On this blog, most of my reviews of performances from Caramoor have been reviews of their semi-staged opera performances like Ciro in Babilonia, I Capuleti e i Montecchi, and Les vepres Siciliennes. However, on Saturday night, Audra McDonald come to Caramoor as a stop on her tour. While she has tons of accolades to her name, the classically trained musical theater singer didn’t miss a beat in making her recital an intimate occasion.
Part of what makes McDonald such a bewitching performer is her charm. Before each song, she inserted an anecdote or explanation of why it was part of her rep. It’s so much easier to enjoy a performance when you know the performer is enjoying it, too. That’s the vibe I get from Audra McDonald and her über talented backup of Brian Hertz on piano, Mark Vanderpoel on bass, and Gene Lewin on drums.
She definitely sways towards musical-theater, but in my opinion, Audra McDonald is in the tradition of singers like Ezio Pinza or Stephanie Blythe. They are all singers who have sung both musical theater and opera and have followed their voices. All three have found resounding success in each genre. It’s because of versatility like mentioned above that let McDonald expose as wide a spectrum of music as she did in her concert on Saturday.
One of my personal favorites from her performance was her rendition of “You Looked Sexy” and “Two Years Ago, My Sister and I…” from young composer Gabriel Kahane’s Craigslistlieder, a song cycle using text from Craigslist ads. It allowed McDonald to show her superb breath control and her easiness in establishing a clean, clear legato line.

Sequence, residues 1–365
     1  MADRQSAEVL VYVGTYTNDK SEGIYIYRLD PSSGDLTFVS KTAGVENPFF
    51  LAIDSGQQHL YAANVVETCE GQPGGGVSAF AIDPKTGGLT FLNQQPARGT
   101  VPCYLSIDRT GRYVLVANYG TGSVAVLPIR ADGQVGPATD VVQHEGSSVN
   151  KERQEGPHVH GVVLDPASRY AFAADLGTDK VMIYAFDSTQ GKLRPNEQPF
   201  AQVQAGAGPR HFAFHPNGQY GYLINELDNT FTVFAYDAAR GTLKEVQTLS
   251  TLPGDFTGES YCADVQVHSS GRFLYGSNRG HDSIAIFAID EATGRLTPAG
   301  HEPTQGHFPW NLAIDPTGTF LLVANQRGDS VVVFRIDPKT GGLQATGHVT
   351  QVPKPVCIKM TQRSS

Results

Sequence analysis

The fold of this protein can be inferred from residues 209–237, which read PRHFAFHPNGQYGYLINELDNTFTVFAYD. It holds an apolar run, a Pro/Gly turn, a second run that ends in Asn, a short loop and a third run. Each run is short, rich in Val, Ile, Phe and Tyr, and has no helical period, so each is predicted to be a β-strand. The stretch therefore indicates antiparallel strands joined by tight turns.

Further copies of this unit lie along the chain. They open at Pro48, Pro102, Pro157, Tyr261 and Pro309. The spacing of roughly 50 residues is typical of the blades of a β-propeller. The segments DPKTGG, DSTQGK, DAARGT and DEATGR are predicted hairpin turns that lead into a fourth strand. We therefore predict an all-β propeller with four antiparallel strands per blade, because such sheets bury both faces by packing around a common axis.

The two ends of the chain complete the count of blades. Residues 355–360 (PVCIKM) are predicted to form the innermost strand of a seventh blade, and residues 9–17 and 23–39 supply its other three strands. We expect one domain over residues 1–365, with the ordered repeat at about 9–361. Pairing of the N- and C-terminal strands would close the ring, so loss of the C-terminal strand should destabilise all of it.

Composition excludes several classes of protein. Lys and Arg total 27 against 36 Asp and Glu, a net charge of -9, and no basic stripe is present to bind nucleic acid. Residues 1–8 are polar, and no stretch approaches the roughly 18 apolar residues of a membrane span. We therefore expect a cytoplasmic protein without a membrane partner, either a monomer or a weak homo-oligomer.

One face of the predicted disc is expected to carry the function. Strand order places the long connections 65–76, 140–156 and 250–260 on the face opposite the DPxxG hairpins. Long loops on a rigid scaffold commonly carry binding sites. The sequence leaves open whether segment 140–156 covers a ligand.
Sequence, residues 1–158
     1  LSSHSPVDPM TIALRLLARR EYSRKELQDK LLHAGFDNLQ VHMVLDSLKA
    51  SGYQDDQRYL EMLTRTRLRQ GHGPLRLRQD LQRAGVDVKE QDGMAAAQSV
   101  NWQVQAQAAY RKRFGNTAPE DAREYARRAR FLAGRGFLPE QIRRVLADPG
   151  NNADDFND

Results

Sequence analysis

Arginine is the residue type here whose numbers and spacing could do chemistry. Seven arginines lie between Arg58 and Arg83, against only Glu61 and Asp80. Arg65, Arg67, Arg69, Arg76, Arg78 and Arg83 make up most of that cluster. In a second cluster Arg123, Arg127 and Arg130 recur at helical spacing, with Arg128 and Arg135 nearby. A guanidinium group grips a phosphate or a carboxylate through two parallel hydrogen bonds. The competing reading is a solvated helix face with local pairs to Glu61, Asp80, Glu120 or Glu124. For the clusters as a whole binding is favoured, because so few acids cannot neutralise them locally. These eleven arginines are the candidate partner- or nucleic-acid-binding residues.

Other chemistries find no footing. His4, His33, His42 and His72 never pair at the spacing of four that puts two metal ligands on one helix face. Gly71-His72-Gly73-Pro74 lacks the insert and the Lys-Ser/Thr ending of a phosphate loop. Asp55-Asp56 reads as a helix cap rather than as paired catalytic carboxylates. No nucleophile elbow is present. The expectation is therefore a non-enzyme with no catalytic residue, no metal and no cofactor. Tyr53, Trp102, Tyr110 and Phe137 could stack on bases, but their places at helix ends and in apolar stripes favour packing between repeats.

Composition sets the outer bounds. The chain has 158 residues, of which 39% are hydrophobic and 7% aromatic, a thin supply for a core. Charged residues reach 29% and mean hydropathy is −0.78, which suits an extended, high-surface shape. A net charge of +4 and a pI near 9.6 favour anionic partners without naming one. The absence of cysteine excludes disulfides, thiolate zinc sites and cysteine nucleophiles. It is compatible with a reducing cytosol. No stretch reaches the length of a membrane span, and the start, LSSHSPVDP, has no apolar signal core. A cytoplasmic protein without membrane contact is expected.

In “When Did I Fall in Love?”, Audra demonstrated her ability to belt, and belt well.
While not in a staged performance, she flexed her comedic muscles in Marcy Heisler and Zina Goldrich’s song, Baltimore, in which the narrator’s family extol the dangers of meeting men in Baltimore. A performance of the piece by Audra can be seen below:
For me, the most emotionally provocative piece was “I’ll Be There” from Adam’s Gwon musical, Ordinary Days. The song, about a wife thinking of her husband’s death on 9/11, is an extremely emotional piece, and her clean, controlled performance of it was the closest I have ever come to crying because of music. While the funny, playful songs were the best, the emotional songs gave the listener a more complete idea of who McDonald is as a performer. McDonald has a wide arsenal of skills, one of which is an unbelievable control and mastery of vibrato. It’s what sets each one of her songs apart. In the way that a singer like Maria Callas uses vibrato and singing slightly above pitch to create dramatic effect, McDonald does the exact opposite. She sings beautifully and clearly, with none or minimal vibrato. Different? Yes. Emotional impact? Oh, yes. She performs it below:
Another song was “I Could Have Danced All Night” from My Fair Lady which put her playful side on display. “Are you gonna sing along? You better not,” the diva playfully teased. It was only a matter of time until the entire Venetian Theater sang along.
One of the closing songs, and the title of her new album, Go Back Home, is by Kander and Ebb (The duo behind musicals like Chicago.). The song is from their last musical, The Scottsboro Boys, a musical detailing the famous Scottsboro Boys trial. The trial is actually the inspiration for Harper Lee’s book, To Kill a Mockingbird. The audience didn’t need an explanation to see that this piece is particularly close to her heart. She sings everything with a gorgeous simplicity, and this was no exception.
While it’s different from opera, I urge anybody to jump at the chance to hear Audra McDonald live. It’s a personal experience that you rarely have in an opera house. You won’t regret it.
A complete performance of a recent Audra McDonald concert featuring many of the songs she sang at Caramoor can be found here.